There’s a rich resource I’d like to share with you, and the great news is that you won’t have to search the internet for it, nor do you have to buy it. It’s inside each of us. It’s possible you’ve forgotten how to tap into it, or maybe you’re out of practice, but it’s still there. As a reminder of what you’re capable of I suggest that tonight—when your family or friends least expect it—you make a fool of yourself.
Let me explain.
The other night at dinner my son said, “Can we do the beatbox thing?” We hadn’t beatboxed recently, but a few moments later one of us started with a mouth-noise, which was followed soon after by whoooa-whoooa—whoooa-whoooa; someone else began tapping, keeping time, and when we got around the whole table it was all we could do to keep it up and not laugh.
Slowly, in the same order we started, everyone stopped until only one sound remained. Then silence. Then laughter.
Dinner together with three active sons can be hit and miss, and with high school looming in our not-so-distant future, things aren’t going to slow down. Therefore it would be easy to force meaningful dialogue or rich interaction—which we have done from time to time. However, we also beatbox and laugh.
About a year ago I wrote several posts about silliness on my blog. Before I began, I asked my family why it’s important for us to be silly together, and then I spent a little over a month reflecting on the answers. Essentially, we said it can reveal joy, remind us of who we are, create fun, bring balance, and solidify relationships. What’s silly to me now is the fact that I hadn’t thought about such things too deeply again until this week.
I spent some time looking back at those pieces, and it’s interesting to think about the timing of it all—how the end of winter and the promise of spring has brought silliness back to mind. Oh, we’ve been silly, sure, but my sons are still better at it than I am, and evidently I need to ponder its benefits again.
For instance, the beatbox thing. I don’t always want to do that, and it’s to my son’s credit for bringing it to the table.
What it did that night was open me up to further silliness (some call it foolishness). As we finished eating, I began to sing what I saw my boys doing. The lyrics included classics like, “Why can’t he use his fork?” and, “Yes, lean over your plate!” Followed by the new single, “He’s walking to the kitchen, dirty plate in his hand!” And of course, “They’re lookin’ at me now, askin’ ‘What are you doing?’”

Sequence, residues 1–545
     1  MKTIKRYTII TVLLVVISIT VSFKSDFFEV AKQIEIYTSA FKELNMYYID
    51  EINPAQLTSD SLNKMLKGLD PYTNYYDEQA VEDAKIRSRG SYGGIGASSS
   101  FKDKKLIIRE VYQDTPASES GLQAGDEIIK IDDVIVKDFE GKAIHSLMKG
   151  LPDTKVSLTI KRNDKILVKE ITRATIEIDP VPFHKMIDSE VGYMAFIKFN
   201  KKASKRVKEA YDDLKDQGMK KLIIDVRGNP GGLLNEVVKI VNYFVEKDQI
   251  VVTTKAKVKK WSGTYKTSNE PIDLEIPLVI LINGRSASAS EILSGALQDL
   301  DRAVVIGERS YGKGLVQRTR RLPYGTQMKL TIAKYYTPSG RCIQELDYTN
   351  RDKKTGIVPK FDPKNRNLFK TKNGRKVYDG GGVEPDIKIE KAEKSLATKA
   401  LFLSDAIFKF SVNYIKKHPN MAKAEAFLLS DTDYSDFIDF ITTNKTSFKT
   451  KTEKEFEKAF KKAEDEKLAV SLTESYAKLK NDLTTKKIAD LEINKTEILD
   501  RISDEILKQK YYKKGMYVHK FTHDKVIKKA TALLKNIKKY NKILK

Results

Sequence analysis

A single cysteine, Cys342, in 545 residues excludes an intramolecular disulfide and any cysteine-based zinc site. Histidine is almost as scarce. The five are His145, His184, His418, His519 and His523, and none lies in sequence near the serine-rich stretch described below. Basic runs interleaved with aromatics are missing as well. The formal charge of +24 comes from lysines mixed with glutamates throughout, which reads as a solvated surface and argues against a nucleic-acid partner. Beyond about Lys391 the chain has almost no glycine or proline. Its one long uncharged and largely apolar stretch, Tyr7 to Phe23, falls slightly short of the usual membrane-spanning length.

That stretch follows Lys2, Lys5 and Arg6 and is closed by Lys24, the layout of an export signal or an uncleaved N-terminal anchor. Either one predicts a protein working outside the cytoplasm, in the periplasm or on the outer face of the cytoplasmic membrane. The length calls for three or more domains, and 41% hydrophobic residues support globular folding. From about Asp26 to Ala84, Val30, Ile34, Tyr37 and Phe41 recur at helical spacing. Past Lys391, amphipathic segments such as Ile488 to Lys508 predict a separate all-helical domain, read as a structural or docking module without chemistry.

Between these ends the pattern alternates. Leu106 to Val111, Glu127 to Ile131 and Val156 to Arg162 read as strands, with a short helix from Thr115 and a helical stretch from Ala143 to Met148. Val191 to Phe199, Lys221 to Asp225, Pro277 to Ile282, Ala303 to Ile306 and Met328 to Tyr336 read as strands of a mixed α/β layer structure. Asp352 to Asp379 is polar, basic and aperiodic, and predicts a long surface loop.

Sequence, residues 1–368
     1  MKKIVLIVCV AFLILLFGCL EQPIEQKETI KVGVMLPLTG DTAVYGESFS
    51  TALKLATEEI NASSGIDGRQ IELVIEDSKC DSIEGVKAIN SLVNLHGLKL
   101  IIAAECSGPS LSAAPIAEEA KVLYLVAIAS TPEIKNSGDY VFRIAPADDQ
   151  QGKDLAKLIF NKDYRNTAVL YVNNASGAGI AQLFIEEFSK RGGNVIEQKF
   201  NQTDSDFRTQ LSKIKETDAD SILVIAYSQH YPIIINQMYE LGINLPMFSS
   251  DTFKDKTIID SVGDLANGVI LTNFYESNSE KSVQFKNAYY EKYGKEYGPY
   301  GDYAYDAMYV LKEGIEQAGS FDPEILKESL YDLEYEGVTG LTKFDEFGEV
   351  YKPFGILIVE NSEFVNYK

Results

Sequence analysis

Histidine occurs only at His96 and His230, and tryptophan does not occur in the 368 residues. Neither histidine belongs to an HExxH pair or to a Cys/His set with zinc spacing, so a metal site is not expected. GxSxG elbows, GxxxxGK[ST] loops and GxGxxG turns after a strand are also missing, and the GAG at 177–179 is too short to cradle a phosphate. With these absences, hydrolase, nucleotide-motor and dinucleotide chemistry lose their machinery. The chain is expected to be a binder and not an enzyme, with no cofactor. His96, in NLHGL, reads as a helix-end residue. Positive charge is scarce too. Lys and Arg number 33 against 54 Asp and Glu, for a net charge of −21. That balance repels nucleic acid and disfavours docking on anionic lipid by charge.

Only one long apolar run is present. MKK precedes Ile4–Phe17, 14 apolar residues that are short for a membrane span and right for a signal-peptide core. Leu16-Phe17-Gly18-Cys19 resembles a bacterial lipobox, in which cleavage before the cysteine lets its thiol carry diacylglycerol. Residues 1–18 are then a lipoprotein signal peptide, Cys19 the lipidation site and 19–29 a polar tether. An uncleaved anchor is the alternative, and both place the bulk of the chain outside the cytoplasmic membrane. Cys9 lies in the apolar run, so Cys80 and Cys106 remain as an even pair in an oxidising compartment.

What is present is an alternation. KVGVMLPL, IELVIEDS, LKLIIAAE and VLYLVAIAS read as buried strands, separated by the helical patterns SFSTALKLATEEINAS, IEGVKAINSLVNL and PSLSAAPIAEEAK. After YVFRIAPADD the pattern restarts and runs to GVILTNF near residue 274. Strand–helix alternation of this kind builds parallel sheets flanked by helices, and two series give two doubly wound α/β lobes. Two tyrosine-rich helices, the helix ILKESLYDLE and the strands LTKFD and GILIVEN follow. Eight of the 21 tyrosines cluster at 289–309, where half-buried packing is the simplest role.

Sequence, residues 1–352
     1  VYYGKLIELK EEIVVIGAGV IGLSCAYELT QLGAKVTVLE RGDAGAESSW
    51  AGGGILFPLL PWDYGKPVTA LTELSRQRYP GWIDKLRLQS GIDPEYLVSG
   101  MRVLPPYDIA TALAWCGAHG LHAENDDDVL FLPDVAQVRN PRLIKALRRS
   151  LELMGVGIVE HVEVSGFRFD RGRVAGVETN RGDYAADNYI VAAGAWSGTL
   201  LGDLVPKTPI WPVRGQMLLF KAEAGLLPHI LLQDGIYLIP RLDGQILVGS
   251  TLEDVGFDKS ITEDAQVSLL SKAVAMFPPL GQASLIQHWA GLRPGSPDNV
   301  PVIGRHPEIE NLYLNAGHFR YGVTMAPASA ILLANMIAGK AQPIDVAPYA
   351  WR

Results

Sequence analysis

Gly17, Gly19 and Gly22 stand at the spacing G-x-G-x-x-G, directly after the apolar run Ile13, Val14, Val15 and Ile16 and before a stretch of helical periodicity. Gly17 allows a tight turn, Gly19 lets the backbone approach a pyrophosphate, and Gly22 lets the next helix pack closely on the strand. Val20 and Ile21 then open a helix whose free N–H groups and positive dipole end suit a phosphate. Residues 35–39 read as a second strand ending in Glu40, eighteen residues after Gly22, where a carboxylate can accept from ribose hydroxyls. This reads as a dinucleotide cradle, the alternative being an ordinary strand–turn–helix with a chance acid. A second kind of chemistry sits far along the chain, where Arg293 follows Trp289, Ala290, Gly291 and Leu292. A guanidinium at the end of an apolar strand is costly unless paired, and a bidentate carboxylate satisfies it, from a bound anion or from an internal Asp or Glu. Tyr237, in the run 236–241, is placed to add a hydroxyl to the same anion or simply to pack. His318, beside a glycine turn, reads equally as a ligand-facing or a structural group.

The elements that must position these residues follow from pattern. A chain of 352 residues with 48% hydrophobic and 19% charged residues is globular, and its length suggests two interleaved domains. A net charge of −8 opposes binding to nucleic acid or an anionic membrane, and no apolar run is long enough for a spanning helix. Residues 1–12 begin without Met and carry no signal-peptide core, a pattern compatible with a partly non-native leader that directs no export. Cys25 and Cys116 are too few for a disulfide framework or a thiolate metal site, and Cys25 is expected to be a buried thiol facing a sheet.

The purpose, as you may have guessed, was to get them to laugh at me—to get us laughing together once more because it felt good. Yet, there are some important byproducts of all this silliness, one of which has to do with humility.
I don’t like to admit it, but I’ve built a platform for myself. Most of the time you can’t see it. I might even trick you into thinking the monstrous construction doesn’t exist, but it casts a deep shadow on my mind all the way from my heart. Unless I allow it to be destroyed, I’m always on it or trying to climb it or add to it.
The platform has many names: Pride, Self Importance, Self. Call it what you will. No matter the name we give it, we don’t see things well up there; we can’t properly discern God’s blessings, and we can hardly interact—let alone love one another.
We’re better on ground level. My hope is you know exactly what I mean, that you know we’re talking about a childlike attitude that leads to the kind of fruitfulness Christ desires.
The good news is that we have the resources to destroy Pride and remember the child within; one of them is silliness. Another piece of good news: silly songs are powerful—so much so, my Self-made platform crumples at the first giggle. And the more we practice, the easier it is to laugh at myself and pull my family into it. I want this for you, too!
Maybe you’re unsure: you haven’t been silly in years, and you wouldn’t know where to start.
How about this—we’ll begin with funny faces in the mirror; I’ll go first. And once you’re ready we’ll move to a dance or two in the hallway, a twist, a silent shuffle. Don’t worry, I can’t dance either (we get more laughs that way). Yes, and when we practice together we’ll simply be together, and without realizing it our love for one another will run over…
This is your ticket to be freely and earnestly silly, to laugh at yourself with someone close to you, to stick your tongue out at Self Importance and hug that child within. Seriously: silliness can destroy our Pride with cherubic simplicity, and we’d be fools to let another day pass without it.
Featured image by freepik